Morgan uses her personal story of jumping on the St. Baldrick’s head shaving bandwagon to talk about looking at what’s possible rather than only looking at limitations.
It’s Q & A time!
First question is for Morgan: Social Media – how do you separate personal from business on the social media platforms?
Answer: It’s all about being authentic and true to yourself. So everyone draws their own line there. Every track you leave on the Internet becomes one of your brand assets.
Do you have to be connected 24/7? Phil says no, in fact not being connected can sometimes work as a differentiator. He relates a story of being at an event where many in the audience were checking email on their phones instead of listening to the speaker. He goes on to say you would never open real paper mail in your seat while at an event and try to pass it off as if you were still paying attention.
How do you use social media to increase business? Rebecca mentions Google alerts. Chris says only put a sale or contest on one platform. The problem with that is that information doesn’t stay in just one platform anymore.
Morgan finally takes control and answers it with real data and use cases. The truth is that the answer to that question could be an entire 2 hour presentation all by itself.
Next question is “How do you know who to trust when everyone is selling you?” Morgan answers by saying – don’t trust anyone. Ask what they can do for you among your network and see what they say.
What is the most effective in radio? Is it a remote or what? Phil answers – quality creative. If you hear gas is on sale for 99 cents across the street – you will act on it because it grabbed you. That’s an ad you don’t need to repeat 20 times for the person to pay attention to.
Question about blogging. What’s success can blogging lead to? It can provide answers to questions.
Next question is about doing a non-religious inspirational minute type of thing on a local radio station. Phil says that they’ve done stuff like that and are currently doing it now. He says that just start at the top by asking.
College student asks a question about how would she leverage social media to start getting better internships or jobs? Morgan grabs this one and says follow who you want to connect with them. Phil says, call them on the phone directly.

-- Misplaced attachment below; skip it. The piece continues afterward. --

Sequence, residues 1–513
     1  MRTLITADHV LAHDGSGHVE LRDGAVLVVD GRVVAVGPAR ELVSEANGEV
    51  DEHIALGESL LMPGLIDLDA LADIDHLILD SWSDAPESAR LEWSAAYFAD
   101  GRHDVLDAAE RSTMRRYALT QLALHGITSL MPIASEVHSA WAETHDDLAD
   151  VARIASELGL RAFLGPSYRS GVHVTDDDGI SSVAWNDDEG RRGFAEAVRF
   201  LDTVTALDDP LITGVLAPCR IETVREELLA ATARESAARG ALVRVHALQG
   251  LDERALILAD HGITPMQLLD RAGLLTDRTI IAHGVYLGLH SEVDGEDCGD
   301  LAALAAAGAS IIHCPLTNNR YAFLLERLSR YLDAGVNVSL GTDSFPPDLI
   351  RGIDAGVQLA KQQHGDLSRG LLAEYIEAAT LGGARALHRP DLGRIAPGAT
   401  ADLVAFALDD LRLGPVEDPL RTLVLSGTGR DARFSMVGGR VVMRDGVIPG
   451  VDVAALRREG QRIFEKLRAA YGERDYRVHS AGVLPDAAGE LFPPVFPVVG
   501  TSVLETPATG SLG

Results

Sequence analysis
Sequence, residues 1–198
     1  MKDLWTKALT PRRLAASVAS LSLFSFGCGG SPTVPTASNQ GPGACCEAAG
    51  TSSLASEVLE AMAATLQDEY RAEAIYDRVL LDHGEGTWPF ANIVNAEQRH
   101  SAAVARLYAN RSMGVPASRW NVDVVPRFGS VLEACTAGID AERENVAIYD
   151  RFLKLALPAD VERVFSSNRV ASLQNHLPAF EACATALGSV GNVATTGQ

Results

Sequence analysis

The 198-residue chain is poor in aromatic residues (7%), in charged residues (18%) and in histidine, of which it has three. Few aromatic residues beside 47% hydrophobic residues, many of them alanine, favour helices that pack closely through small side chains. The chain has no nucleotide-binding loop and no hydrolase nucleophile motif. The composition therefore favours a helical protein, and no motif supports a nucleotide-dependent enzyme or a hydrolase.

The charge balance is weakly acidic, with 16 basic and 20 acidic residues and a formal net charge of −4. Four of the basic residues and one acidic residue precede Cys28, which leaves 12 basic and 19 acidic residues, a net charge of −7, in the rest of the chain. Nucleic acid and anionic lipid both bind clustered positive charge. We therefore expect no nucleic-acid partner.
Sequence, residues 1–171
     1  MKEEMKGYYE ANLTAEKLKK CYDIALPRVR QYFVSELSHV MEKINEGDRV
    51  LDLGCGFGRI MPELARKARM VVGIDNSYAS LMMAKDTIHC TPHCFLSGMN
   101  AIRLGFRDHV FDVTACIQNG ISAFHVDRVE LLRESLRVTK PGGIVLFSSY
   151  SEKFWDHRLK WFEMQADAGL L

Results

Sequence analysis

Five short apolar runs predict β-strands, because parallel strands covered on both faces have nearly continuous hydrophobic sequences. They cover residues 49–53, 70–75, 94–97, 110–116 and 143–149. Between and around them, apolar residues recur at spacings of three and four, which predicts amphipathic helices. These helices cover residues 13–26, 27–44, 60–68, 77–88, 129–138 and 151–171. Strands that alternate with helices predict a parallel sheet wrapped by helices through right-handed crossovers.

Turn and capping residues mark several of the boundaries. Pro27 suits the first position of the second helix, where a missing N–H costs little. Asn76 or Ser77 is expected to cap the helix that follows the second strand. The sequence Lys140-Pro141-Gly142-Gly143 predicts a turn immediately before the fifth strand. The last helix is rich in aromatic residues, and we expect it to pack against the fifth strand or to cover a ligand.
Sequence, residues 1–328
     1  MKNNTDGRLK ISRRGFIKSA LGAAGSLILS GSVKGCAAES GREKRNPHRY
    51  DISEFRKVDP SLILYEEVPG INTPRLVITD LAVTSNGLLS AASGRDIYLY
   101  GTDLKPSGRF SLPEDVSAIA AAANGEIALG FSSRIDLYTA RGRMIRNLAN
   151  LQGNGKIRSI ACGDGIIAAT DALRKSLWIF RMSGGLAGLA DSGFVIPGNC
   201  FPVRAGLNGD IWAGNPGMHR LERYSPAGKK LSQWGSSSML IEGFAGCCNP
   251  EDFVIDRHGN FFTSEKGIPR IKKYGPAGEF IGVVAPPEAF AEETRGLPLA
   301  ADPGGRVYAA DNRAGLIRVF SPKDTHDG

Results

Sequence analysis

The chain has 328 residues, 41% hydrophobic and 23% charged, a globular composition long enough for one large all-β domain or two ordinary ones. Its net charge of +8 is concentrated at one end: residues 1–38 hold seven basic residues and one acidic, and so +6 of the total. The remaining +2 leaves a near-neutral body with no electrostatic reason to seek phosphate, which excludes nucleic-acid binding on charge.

Question about is social media productive? Phil says that big deals are not done on social media.
That may be true, but most people in the room are not the president of the largest media conglomerate in Carolina and need a way to connect with people so they can get to the point where the big deals are possible. In my case, my current job was offered and accepted over Twitter – now it’s not a 9 figure deal like Phil Zachary was talking about, but it was a big deal for me!
One of the best parts of attending an event like this is having an opportunity to meet new people. Two stand out to me from this morning, one was Jennifer Kingman who runs Viamark Advertising. After Morgan mentioned that she was shaving her head for St. Baldricks, Jennifer stood up and emphasized how awesome it was and how it is also a really big differentiator. I had a chance to talk with Jennifer after and she is smart, beautiful and has very short hair.
Second was Woody Howard from New View Photography. Woody was the photographer for the event but came over after to talk with Morgan about how to get more traction for his stunning 360 degree photography business.
My final suggestion for future events would be to give it a more “new media” feel. Wireless access and a Twitter hashtag would have been 2 simple additions that would have helped spread the word about the event.